therefore be tempered by rationality as we work towards helping the victims without
benefitting the perpetrators in the process.

Observation 6
Bloom notes that the ‘outrage that comes from adopting the perspective of a victim can
drive an appetite for retribution’ (para 7, l.48-49) when we are empathetic. At times, when
we are carried away putting ourselves in the shoes of the victims, we might lose sight of
what is important and focus wrongly on exacting revenge instead. I generally agree with
his comment based on my observations of Singaporean society.

 An illustration is the vengeful responses of Singaporeans towards Anton Casey, a British


expatriate who made several derogatory remarks about Singaporeans. As a result of his
unthinking actions, he and his family received ‘extreme emotional and verbal abuse online’
and even death threats according to the Straits Times. He was also fired from his job and
had no choice but to flee from Singapore.
 Similarly, Amy Cheong was fired from her position as the Assistant Director of NTUC as a
result of great public controversy and pressure incited by her racially insensitive comments.
 These examples serve to show how exercising empathy can at times lead to blind hatred
and desire for the wrongdoers to be punished. People can get emotionally carried away in
wanting the wrongdoers to be punished without being able to rationalize that the revenge
exacted does not, firstly, undo the misdeeds they committed or secondly, help the victims in
any concrete manner.
 In fact, such blind revenge and vehement diatribe only serve to generate more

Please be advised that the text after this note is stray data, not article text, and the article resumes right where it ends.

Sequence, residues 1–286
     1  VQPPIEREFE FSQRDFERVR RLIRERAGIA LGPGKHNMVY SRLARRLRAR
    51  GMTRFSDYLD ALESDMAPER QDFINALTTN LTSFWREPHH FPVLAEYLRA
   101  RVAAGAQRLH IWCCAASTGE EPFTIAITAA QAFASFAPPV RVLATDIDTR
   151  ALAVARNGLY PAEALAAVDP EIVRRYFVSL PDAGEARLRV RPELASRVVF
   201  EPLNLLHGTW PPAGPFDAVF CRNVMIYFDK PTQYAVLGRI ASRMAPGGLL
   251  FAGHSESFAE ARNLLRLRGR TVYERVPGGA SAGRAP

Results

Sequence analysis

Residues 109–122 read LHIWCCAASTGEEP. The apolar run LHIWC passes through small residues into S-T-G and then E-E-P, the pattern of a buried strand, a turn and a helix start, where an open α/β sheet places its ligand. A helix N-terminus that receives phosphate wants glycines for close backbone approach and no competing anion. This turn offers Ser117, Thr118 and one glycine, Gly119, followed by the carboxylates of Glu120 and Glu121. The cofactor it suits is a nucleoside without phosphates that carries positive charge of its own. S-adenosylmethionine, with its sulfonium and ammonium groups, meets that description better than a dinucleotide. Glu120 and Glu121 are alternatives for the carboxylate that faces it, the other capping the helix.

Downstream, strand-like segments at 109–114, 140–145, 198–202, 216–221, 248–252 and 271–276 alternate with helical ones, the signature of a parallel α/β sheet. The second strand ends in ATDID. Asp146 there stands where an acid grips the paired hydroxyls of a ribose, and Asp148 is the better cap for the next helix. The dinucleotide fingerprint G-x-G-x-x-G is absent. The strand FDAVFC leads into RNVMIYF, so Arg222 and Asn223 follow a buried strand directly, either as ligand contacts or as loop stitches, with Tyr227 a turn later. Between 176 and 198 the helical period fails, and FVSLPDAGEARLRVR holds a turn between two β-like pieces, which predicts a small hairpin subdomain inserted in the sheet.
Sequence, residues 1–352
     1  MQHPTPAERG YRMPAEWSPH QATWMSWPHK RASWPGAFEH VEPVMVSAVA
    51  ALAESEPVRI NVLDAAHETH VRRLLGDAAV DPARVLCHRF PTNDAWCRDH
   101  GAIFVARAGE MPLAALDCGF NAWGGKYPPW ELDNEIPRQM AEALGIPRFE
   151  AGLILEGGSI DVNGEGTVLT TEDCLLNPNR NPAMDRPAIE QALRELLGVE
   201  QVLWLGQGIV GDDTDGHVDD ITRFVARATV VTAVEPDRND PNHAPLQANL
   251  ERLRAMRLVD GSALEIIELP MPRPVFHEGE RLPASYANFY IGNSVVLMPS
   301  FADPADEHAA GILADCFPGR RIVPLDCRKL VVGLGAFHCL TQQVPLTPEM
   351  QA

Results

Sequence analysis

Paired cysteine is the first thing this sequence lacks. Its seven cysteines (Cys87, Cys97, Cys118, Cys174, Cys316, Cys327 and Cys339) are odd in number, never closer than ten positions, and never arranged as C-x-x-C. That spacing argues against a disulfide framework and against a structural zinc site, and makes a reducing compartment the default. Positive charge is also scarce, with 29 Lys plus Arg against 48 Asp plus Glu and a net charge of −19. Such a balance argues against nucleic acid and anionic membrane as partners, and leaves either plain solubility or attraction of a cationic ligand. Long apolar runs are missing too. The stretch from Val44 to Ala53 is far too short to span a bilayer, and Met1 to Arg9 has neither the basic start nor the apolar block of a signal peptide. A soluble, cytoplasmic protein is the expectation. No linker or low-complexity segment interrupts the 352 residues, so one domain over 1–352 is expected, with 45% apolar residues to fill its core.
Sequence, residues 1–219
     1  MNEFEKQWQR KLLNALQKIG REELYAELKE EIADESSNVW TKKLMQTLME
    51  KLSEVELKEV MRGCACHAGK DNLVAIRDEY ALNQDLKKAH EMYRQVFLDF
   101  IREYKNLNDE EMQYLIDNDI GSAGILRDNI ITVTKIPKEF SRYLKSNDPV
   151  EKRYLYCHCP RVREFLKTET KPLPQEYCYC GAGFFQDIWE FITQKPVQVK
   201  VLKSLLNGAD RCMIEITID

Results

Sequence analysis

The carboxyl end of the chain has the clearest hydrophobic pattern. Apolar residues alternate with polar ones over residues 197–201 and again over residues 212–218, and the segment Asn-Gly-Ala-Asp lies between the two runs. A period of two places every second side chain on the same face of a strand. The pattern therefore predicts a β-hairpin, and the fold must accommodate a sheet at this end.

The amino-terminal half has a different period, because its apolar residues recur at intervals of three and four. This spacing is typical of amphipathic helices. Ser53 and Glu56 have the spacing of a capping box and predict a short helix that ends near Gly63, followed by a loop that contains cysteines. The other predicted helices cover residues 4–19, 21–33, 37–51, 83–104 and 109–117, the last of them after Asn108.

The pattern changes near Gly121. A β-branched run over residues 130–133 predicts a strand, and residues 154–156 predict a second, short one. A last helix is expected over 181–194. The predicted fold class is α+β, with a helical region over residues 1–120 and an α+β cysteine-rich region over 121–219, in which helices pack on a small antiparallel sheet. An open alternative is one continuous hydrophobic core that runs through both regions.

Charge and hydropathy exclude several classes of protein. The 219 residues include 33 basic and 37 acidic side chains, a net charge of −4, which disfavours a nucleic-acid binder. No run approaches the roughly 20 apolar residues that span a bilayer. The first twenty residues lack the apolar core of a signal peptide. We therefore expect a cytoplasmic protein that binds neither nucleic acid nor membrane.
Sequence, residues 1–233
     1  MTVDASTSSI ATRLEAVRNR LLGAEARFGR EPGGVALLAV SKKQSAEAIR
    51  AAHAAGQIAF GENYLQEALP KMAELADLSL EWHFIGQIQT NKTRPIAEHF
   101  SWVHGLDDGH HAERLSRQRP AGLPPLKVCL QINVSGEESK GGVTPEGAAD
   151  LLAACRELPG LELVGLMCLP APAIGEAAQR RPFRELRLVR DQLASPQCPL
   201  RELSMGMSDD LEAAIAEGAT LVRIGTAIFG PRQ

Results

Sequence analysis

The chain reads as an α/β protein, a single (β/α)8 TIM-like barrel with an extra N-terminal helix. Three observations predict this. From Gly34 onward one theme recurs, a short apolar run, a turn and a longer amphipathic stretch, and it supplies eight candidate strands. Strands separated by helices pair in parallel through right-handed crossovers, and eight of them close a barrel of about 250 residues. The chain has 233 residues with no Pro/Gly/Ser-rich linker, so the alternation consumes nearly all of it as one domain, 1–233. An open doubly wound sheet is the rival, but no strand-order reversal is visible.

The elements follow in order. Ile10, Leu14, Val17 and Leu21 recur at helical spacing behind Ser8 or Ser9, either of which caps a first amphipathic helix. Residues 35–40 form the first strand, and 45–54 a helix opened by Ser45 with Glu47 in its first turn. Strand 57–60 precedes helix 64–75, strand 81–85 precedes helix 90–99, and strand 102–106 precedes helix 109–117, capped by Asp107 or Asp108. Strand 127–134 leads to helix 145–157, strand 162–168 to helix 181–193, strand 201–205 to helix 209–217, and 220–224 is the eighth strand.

suffering and the supposed good intentions behind the empathetic response
backfires instead. It is even fair to argue that the blatant irrational disregard for the
consequences of their vengeful responses makes them no different from the
wrongdoers. It is wiser to channel the energy spent on wanting to seek retribution to
concrete actions that directly benefit the victims instead.
 However, this does not mean that one should not be empathetic at all. The problem
lies with the excessive extent with which empathy is exercised in the above cases.
Empathy can after all be a starting point for people to understand the situation and
hopefully, subsequently provide adequate help, or in the cases mentioned, call for
adequate restraint.

Observation 7
While there is merit in Bloom’s claim that empathy leads us to be ‘indifferent to long-term
consequences’ (para 7, l.50) and that ‘our concern for specific individuals today means
neglecting crises that will harm countless people in the future’ (para 8, l.61-62), I still
believe that a society that empathises is preferred over one that is cold and unfeeling.
Moreover, empathy could move us to take action and effect necessary changes instead
of settling for the status quo.
 It is indeed true that we tend to be too focused on immediate problems which we face, such
that we fail to realise the long-term consequences which our actions might result in. As such,
responding intuitively based on empathy, without logical discernment, may cause us to
make wrong priorities and to overlook critical problems that require careful thought and
deliberation.

 For instance, in the wake of the influx of foreign immigrants and workers in the local work
environment, Singaporeans reacted empathetically in support of fellow citizens who were
unable to find employment, and were quick to blame foreigners for stealing the jobs of the
locals and depressing their wages due to their relatively cheaper labour cost. In particular,
anti-foreigner sentiment reared its ugly head in the 2011 General Elections, where many
Singaporeans who felt for the economic plight of their fellow compatriots pressed the issue
and brought it up to the forefront of the political debate.

 However, in pushing the government to tighten the inflow of foreign labour, what many
Singaporeans did not have the foresight to see were the long-term implications, including
the erosion of Singapore’s cost competitiveness, compression of profit margins and the
tendency for companies to pass on this higher cost to consumers, resulting in higher
inflation.

 The response of the government in imposing quotas on foreign labour and the increment of
the foreign worker levy in a bid to reduce the number of foreign workers in Singapore also